Give blood through the American Red Cross this summer and help those in need
The new Red Cross campaign called “100 Days of Summer. 100 Days of Hope.” seeks to increase blood donations during the summer months, a time when donations typically drop. Patients need blood throughout the summer, but the Red Cross sees about two fewer donors at each blood drive between the Memorial Day and Labor Day holidays. The “100 Days of Summer. 100 Days of Hope.” campaign will continue through September 1.
“This summer, there are 100 days for blood and platelet donors to roll up a sleeve and help a patient in need,” said Regina Conway, Communications Manager, Tennessee Valley Blood Services Region. “It’s difficult to collect enough blood for patients during the summer because so many people are busy with seasonal activities and schools are out of session. But the need for blood is constant and patients are still relying on lifesaving blood products. ”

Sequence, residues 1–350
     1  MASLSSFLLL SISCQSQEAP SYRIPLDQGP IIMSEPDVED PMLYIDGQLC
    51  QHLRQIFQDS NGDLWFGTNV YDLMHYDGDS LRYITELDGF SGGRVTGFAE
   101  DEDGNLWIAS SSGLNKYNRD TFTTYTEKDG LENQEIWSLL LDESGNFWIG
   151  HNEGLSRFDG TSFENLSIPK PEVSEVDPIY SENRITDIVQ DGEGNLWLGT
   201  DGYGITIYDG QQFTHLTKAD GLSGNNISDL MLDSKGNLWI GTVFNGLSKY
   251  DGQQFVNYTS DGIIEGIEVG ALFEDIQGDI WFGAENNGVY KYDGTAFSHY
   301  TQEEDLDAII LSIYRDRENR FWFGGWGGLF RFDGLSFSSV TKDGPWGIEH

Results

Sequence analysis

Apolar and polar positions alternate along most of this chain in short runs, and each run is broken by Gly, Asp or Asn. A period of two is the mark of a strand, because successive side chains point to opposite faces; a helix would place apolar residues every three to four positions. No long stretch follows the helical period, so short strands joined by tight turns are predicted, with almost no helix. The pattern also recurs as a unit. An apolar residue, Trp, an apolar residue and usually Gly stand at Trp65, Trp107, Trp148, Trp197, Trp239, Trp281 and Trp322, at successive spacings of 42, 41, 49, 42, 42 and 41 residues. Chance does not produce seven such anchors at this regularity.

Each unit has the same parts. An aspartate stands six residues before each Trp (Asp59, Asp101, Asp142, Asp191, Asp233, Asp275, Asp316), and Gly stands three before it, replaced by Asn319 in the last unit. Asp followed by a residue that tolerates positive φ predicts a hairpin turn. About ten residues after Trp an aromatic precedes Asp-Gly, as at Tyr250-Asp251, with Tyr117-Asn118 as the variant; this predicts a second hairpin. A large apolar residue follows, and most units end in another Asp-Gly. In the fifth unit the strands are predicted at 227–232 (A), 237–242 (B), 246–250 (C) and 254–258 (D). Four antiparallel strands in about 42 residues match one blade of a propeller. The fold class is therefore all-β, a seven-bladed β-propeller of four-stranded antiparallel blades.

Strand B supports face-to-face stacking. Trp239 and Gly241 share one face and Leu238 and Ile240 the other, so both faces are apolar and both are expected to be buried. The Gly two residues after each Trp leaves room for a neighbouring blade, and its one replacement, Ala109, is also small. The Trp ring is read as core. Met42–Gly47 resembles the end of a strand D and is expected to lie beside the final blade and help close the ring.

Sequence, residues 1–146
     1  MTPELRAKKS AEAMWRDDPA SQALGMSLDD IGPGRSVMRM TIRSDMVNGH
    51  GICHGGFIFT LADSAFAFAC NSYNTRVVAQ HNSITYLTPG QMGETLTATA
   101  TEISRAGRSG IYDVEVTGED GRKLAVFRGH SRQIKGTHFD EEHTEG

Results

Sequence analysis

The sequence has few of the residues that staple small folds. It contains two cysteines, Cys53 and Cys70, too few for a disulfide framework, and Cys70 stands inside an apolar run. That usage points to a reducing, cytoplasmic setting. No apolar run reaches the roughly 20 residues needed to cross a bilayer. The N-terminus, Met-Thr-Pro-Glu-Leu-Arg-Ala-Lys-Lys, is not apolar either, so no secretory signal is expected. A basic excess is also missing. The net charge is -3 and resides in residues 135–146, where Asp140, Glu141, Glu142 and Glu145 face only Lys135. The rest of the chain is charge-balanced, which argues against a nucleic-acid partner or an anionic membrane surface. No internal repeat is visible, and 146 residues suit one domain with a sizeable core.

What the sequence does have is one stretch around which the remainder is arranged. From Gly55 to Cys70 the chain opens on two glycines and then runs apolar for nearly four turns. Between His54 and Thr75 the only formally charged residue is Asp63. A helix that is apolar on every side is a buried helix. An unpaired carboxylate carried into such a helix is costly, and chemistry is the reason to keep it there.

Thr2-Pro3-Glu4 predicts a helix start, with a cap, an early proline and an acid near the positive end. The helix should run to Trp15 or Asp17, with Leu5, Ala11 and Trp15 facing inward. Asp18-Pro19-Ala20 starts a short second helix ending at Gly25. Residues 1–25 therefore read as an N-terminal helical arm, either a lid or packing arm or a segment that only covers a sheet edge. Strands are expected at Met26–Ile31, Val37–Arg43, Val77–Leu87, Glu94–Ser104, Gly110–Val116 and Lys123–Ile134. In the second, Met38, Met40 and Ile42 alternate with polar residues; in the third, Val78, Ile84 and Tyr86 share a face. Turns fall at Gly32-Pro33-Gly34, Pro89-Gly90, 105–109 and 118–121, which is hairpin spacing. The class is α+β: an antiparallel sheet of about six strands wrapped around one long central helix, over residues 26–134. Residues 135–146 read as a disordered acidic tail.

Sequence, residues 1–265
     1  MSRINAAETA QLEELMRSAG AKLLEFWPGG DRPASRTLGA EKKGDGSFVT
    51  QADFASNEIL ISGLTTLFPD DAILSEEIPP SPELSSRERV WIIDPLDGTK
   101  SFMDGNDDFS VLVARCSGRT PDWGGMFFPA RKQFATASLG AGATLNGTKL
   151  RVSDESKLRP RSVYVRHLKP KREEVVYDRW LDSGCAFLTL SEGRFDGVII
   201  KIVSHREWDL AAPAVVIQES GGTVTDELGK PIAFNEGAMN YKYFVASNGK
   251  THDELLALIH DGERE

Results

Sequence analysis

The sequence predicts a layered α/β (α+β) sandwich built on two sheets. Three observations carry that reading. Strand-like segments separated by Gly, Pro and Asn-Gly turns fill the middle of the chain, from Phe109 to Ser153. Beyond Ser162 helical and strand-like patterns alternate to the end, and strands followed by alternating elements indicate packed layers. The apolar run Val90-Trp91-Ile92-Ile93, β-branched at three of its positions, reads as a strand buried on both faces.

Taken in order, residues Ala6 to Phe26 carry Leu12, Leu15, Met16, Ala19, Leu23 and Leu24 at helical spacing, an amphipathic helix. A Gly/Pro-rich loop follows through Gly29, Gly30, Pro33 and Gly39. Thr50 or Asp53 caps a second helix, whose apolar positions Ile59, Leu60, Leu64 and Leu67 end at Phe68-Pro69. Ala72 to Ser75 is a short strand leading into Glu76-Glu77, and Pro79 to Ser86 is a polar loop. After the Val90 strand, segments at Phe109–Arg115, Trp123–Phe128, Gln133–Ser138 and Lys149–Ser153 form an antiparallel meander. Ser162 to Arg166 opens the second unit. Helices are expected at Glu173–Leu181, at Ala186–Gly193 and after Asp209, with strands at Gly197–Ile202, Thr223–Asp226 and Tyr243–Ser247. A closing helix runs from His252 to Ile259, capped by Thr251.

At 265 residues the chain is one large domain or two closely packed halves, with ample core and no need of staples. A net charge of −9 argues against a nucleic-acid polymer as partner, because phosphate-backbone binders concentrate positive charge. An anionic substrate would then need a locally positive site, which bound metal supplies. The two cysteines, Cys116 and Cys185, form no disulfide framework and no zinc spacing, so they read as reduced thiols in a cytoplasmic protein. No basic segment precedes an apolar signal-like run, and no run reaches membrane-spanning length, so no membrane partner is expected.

To highlight the need for blood around the Memorial Day weekend, all blood and platelet donors who come in to give from May 24 through May 26 will receive a commemorative Red Cross cooling towel while supplies last.
Donors are encouraged to participate in the campaign by making and keeping appointments to give and by asking family and friends to join them in their effort to help save lives. Visit the Red Cross at redcrossblood.org, on Facebook, Instagram, Twitter and other social networks; and use the #chooseyourday hashtag throughout the summer to read and share inspiring stories of hope.
HOW TO HELP The Red Cross needs to collect 15,000 blood donations every day - even during the summer - to have enough blood to help the patients in 2,700 hospitals and transfusion centers across the country. People can call 1-800-RED CROSS (1-800-733-2767) or visit redcrossblood.org for more information or to make a donation appointment.
All blood types are needed. A blood donor card or driver’s license or two other forms of identification are required at check-in. Individuals who are 17 years of age (16 with parental consent in some states), weigh at least 110 pounds and are in general good health may be eligible to donate blood. High school students and other donors 18 years of age and younger also have to meet certain height and weight requirements.